I'm finding my talk
And it may take some time,
But I'm learning to speak
In a language that's mine.

Editorial Reviews

"Halifax-based publisher Nimbus Publishing have achieved something special, when they decided to both re-publish Rita Joe's poem and commission award-winning young Mi'kmaw poet Rebecca Thomas to write a companion poem, which is entitled I'm Finding My Talk. The texts in these two simultaneously published picture books are accompanied by powerful acrylic illustrations in rich colours created by Mi'kmaw artist Pauline Young. The three creators' voices combined make readers witness the cruelties indigenous Canadians were subjected to in the past, while at the same time providing a heartfelt and powerful plea for the way that new generations can reclaim their families' culture."
White Ravens 2020 Selection committee (from catalogue)

"This poem delicately continues the story in the first book, without overtaking it. The poet is still straightforward, but perhaps more vulnerable, uprooted: she's looking for the talk the schools took away before she was even born, stolen from her father.... The art in this book is, apart from the opening page reference back to her father's residential school experience, brighter and more vibrant than in Rita Joe's I Lost My Talk, which makes perfect sense and rounds out the journey from grimness to nuanced optimism. It has a dreamlike, aspirational quality: We're not there yet, it says, but we're working on it."
"This is the time for these books. Well, no: it's past time. I wish I'd seen them as a student, myself, but I'm glad they're out there now, at a time Canadians are reckoning with our past and present— and choosing future directions. It's time Rita Joe was allowed to speak directly to us, children and adults alike, and that Rebecca Thomas was given the chance to bring her sequel to us, too. I thank Nimbus for sending me these books. I encourage you, all of you, to get your own copies, examine them, read them, and think about what we're being told."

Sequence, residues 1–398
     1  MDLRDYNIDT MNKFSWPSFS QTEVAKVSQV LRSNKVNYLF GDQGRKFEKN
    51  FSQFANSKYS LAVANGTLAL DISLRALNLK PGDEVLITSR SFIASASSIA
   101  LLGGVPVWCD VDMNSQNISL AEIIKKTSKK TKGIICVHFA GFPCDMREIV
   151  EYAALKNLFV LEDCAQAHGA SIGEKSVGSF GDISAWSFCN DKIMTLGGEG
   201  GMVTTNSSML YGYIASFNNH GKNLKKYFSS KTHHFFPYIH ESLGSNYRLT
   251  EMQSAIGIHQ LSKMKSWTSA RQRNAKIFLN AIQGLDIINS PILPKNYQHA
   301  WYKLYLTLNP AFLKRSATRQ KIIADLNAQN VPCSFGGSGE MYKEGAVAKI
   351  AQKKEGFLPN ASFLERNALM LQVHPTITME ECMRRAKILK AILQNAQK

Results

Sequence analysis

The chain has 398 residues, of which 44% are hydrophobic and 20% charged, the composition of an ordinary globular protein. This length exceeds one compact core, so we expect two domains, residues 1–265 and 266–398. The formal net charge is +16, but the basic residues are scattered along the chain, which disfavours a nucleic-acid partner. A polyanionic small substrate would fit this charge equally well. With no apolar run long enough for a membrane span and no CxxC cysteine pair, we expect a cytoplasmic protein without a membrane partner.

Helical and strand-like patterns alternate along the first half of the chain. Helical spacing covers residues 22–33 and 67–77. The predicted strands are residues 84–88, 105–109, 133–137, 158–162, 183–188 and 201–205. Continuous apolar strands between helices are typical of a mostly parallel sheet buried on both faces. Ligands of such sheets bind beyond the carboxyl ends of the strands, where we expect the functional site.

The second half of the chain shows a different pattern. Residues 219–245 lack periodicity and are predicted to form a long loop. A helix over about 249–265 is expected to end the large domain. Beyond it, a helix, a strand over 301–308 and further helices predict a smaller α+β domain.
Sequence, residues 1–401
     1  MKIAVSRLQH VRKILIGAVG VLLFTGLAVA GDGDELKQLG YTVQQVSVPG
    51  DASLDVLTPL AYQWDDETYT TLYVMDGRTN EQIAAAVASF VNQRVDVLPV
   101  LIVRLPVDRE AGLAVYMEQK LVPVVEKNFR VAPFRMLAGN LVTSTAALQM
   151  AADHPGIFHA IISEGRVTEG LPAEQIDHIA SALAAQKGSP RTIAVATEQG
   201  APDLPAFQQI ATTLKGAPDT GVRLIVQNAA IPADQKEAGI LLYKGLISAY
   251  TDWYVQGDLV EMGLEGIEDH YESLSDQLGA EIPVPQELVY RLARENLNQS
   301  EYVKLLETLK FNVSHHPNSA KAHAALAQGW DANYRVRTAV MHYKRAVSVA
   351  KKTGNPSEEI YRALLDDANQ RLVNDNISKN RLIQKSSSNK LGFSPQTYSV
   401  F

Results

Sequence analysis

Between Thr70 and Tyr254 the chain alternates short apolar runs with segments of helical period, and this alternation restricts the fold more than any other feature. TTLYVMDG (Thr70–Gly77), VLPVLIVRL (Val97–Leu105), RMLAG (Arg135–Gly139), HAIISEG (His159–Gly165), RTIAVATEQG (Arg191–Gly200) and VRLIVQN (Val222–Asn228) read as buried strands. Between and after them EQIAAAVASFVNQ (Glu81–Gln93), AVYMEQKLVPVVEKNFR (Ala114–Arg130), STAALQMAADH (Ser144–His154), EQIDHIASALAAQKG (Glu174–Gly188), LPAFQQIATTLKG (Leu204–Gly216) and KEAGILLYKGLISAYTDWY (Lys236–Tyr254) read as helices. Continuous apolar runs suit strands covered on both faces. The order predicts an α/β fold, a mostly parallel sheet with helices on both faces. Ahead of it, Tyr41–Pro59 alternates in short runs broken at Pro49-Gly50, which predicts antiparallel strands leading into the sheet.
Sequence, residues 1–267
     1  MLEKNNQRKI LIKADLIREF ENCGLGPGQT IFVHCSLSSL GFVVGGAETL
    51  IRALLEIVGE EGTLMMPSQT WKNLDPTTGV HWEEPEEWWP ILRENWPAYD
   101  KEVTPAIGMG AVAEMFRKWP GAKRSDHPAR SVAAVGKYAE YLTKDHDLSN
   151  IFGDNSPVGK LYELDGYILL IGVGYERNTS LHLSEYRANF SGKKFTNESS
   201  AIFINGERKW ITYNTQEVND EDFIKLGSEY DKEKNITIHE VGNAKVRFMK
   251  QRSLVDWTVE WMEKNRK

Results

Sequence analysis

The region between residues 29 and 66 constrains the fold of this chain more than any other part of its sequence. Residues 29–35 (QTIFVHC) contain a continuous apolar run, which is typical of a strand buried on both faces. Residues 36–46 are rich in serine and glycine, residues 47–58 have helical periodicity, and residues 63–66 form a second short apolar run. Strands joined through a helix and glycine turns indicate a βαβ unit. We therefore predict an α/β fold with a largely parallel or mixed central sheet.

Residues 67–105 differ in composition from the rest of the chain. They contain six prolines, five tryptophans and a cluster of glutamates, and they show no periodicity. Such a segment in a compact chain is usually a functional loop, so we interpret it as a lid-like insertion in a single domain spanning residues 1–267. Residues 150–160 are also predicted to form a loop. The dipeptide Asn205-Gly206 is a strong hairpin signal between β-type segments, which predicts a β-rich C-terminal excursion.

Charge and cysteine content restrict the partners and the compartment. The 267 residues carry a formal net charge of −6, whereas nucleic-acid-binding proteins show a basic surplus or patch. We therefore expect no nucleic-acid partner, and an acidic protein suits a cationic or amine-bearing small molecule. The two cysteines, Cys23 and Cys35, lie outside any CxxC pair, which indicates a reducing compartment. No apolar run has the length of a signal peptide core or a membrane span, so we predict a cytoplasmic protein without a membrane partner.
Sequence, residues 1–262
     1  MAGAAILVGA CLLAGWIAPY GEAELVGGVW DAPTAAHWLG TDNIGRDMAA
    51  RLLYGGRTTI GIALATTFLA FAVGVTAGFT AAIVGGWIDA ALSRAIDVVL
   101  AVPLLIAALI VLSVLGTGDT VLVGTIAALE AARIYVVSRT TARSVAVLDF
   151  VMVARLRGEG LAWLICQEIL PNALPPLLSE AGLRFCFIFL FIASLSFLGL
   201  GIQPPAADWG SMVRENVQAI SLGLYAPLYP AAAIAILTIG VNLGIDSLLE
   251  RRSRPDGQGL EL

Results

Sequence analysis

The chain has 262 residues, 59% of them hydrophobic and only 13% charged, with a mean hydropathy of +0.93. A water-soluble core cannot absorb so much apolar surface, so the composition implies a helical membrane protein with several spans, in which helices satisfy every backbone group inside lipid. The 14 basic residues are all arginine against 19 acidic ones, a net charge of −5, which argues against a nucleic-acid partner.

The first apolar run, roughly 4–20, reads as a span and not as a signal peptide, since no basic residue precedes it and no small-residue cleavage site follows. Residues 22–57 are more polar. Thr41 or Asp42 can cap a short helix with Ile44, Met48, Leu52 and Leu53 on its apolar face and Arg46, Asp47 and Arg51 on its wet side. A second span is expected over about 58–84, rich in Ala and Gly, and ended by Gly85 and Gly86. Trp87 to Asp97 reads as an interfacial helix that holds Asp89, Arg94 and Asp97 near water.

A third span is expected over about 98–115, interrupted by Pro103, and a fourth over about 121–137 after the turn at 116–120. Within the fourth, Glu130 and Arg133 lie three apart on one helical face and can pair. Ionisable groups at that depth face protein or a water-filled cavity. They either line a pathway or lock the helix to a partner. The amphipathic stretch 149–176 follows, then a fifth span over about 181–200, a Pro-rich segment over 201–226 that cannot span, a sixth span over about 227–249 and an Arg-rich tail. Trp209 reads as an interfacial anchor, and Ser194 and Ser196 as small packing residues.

"I Lost My Talk and I'm Finding My Talk are inseparable sister pieces meant to stand side-by-side. Beautifully illustrated by Pauline Young, these books read like a that Joe and Thomas invite readers young and old to join in."
[EDIT] Magazine(Summer 2020)

"Published as a companion to the picture book I Lost My Talk, featuring the famous poem by Rita Joe, both volumes explore the legacy of Canada's residential schools. They feature vibrant illustrations by Pauline Young that bring the words alive with emotional nuance. This remarkable pair of books possesses the rare ability of being suited to readers of all ages: three to six-year-olds, the traditional intended audience of picture books, will be captivated by the bright, lively illustrations; elementary and middle school children will find their Social Studies curriculum enriched by experiencing these important concepts rendered creatively; teens and adults will gain insight and empathy by enjoying these beautiful poems."

CM Reviews Highly Recommended (5 stars),

Former Halifax Poet Laureate and second-generation residential school survivor Rebecca Thomas writes honestly and powerfully in this companion piece to Rita Joe's I Lost My Talk. Includes vibrant illustrations from Mi'kmaw artist Pauline Young.